Despite funding cutbacks Sunnyside's Promise officials vow to keep their promise to local youngsters

Depending on who is asked, Sunnyside's Promise may be the organization that kept the community center open to local children this past year, those guys who helped children build bicycles or perhaps the folks who received a grant to study sex trafficking.

But every one of those views is incomplete. Sunnyside's Promise incorporates all of those activities into its main goal, but none of them are the reason for the group.

The problem, according to Executive Director Mark Baysinger, is that sometimes people focus on only one part instead of seeing the organization as a whole.

"We take a holistic approach, and that's how we've been successful," said Baysinger.

The group's main goal is to provide all of Sunnyside's children with caring adults, safe places, a healthy start, effective education and opportunities to help others. Children with access to the five promises are more likely to become responsible adults, he said.

With a variety of programs that each provided at least one of the promises, Sunnyside's Promise made significant inroads into problems plaguing the local community.

The success has been noticed, particularly outside the city. Baysinger said the FBI has taken note of and assisted with the organization's work in uncovering the relationship between sex trafficking and gangs.

The co-founder and executive director of Washington Engage, Rose Gundersen, praised Sunnyside's Promise prevention and outreach programs and considers the group a model for future efforts.

DeAnn Yamamoto of the Children's Justice Task Force wrote, "Sunnyside should be proud of the work that Sunnyside's Promise is producing. This agency has garnered attention from other agencies and communities across the state and has drawn attention from the city of Seattle as a program making inroads with a very difficult to serve population."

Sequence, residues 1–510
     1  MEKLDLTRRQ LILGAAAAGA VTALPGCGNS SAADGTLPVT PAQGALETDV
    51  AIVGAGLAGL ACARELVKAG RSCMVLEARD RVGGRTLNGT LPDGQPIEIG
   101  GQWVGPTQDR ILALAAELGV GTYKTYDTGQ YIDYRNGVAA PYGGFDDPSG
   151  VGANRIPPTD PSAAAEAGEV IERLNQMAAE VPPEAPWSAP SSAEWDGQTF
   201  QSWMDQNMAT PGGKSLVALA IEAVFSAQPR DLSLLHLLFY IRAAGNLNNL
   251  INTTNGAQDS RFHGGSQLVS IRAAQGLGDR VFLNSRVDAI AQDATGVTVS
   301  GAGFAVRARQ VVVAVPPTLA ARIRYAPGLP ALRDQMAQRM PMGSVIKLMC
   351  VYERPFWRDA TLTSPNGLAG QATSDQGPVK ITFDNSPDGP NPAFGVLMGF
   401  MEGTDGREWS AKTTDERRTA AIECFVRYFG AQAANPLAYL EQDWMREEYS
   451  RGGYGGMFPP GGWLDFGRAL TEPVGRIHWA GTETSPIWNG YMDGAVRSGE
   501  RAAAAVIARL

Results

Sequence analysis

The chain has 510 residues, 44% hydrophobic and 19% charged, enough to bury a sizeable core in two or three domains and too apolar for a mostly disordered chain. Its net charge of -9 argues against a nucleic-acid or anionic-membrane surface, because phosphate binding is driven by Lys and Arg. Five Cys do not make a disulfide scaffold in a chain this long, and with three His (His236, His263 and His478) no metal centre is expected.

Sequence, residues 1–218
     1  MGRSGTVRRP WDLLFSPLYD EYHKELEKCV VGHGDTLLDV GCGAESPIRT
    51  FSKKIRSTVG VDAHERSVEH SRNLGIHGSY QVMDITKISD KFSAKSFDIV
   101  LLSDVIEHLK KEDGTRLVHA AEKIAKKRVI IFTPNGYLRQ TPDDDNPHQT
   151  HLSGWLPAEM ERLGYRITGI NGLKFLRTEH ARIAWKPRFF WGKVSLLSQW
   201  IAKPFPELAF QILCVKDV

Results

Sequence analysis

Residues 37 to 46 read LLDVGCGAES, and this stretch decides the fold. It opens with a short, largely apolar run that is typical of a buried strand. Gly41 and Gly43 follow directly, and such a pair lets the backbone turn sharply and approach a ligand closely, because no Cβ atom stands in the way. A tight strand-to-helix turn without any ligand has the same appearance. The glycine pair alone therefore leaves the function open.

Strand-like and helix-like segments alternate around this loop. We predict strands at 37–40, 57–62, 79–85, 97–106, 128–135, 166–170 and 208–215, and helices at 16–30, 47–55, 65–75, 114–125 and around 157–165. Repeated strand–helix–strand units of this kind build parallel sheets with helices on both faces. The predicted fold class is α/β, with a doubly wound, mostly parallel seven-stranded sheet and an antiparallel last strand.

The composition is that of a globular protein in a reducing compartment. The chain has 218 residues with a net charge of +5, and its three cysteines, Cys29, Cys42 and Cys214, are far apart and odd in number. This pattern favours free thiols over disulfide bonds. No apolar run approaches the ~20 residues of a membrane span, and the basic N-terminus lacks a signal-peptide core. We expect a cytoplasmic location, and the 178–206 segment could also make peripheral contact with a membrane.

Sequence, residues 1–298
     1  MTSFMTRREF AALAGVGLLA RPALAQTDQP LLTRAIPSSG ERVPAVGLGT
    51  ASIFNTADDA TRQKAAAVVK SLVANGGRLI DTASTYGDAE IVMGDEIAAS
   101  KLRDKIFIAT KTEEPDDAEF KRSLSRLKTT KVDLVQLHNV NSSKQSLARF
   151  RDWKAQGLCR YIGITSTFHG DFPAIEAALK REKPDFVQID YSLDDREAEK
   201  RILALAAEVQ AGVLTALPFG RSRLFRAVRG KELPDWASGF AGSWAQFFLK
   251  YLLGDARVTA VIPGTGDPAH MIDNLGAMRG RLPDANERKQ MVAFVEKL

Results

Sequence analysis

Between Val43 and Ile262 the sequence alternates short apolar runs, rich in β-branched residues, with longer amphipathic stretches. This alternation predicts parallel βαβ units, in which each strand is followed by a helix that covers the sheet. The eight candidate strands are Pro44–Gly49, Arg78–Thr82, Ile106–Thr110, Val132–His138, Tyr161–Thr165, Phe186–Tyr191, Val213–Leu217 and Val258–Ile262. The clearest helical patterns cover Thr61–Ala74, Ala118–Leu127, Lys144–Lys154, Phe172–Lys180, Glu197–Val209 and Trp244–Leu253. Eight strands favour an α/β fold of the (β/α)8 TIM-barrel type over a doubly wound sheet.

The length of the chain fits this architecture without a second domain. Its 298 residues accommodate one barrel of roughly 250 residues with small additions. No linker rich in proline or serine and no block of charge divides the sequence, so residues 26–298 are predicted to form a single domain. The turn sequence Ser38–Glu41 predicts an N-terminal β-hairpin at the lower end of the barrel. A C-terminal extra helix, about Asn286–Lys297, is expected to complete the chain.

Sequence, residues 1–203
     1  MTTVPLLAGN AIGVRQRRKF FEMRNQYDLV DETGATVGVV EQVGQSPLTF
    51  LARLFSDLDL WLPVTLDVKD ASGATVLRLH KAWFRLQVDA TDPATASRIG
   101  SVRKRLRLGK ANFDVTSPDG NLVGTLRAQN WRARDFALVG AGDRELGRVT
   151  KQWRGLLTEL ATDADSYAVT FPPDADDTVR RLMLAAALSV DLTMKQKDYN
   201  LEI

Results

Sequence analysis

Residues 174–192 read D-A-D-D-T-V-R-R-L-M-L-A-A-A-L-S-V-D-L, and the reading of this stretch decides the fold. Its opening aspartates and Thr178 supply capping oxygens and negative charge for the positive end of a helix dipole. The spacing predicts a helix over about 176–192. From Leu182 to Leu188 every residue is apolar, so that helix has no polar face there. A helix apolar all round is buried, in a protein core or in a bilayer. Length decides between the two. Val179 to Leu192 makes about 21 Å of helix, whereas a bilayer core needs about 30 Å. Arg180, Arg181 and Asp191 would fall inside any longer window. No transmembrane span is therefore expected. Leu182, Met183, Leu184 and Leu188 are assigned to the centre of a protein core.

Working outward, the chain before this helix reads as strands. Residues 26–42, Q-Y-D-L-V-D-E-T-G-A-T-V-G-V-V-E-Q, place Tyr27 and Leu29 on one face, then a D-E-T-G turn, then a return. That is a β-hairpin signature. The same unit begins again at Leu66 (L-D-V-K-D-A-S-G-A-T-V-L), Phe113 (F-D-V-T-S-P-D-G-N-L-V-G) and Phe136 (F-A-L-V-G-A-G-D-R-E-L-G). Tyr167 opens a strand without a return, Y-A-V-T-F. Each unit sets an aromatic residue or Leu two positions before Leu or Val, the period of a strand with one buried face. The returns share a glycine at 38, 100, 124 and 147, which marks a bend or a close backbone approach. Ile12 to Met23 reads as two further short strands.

A Yakima County Courts consultant, Harold F. Delia, praised Sunnyside's Promise for have a positive relationship with the court system.

In September, a vice-chair of the Latino Civic Alliance drove from Seattle to testify on behalf of Sunnyside's Promise to the Sunnyside City Council.

"We have considered the program that is here in Sunnyside as a model throughout the state," she told the council. "And it's been very rewarding for us to know a program is working."

The praise is mostly due to the work Sunnyside's Promise has done in the past three years after the organization was asked by a coalition of the city, school district and hospital to address the gang and substance abuse issues in the area.

Starting late in 2009, Sunnyside's Promise researched existing models of anti-gang efforts and started to apply for grants to bring those efforts to Sunnyside. In addition, the group reached out to gang members to find out why and how children joined gangs.

Sunnyside's Promise applied for and received a grant for a VISTA volunteer in early 2010. The group also began to work on prevention and intervention programs tailored to the needs of Sunnyside.

For prevention, Sunnyside's Promise worked to reopen the community center, giving children a place to go when school isn't in session. New recreation programs were started with a grant from the University of Washington fitness program.